Social justice in somatics

In the world of somatic studies, the SF Bay Area Moving On Center (MOC) stands out for its upfront commitment to social justice. Founded by pioneering somanauts Carol Swann and Martha Eddy, the MOC’s mission is to support, develop, and inspire embodied community leaders, artists, and activists. Bridging the healing and performing arts via somatic approaches and participatory pedagogy, the participants are challenged to consider the body perceived from within and the body perceived within society.

While the nature of the body in society is central to the theoretical foundations of somatics, the distribution of wealth, opportunities, and privileges are more often ignored than considered in many professional practices . . . and in most training programs. What happens if and when we act to make our services available, accessible, and applicable to the diverse members of our community in a fair and just way?

My impression is that there are more examples of individuals being proactive than institutions or organizations. For example, not wanting to preach to the converted while also wanting to make hands-on Feldenkrais® lessons available to folks who otherwise would not know about nor, most likely, be able to afford them, a couple of years after starting my practice in 1983, I began what turned into many years of working in a handful of physical therapy clinics in Marin, San Francisco, and Santa Cruz counties. Offering sliding scale fees, bartering for services, and volunteering for non-profits and social organizations are other ways Feldenkrais teachers, as well as other individual somatic educators and therapists, can do something about inequities. Consider, for instance, the example that comes to mind: actress and Feldenkrais teacher, Corinne Miret offering Awareness Through Movement® lessons to kids practicing parkour in Paris’ urban suburbs.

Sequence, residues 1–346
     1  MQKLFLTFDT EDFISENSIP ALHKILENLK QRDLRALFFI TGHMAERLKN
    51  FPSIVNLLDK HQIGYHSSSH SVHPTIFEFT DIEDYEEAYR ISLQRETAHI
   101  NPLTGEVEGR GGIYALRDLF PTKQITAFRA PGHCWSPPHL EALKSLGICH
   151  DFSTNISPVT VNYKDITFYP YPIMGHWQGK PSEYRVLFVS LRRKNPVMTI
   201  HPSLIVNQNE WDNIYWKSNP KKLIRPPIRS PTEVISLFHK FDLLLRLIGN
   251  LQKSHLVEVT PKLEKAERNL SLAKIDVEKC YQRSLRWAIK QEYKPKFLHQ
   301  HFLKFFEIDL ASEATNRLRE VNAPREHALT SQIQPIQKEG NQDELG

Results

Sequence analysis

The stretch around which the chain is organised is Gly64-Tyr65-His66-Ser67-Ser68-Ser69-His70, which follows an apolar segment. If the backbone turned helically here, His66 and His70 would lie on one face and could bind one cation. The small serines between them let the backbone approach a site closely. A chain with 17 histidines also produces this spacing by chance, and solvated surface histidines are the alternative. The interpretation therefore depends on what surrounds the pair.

The International Movement Education and Therapy Association (ISMETA) is asking individual teachers and therapists worldwide, whether they are members of this inclusive professional federation or not, about diversity, inclusion, justice, and equity. The only requirement for participating is giving the time to reflect on and respond to the nine questions the survey asks.

I encourage you to participate in this important ISMETA survey by clicking here. And I’m encouraging you to do so NOW. I know the form says that the deadline was the 10th of May, but I just found out that you have until this Friday, 31 May 2019 to contribute to this historic effort. You can even sign up for the results so that you’ll be informed about what’s been going on and will be happening in our growing international community.


NB: The image above of the hands was based on a photo by from Pexels

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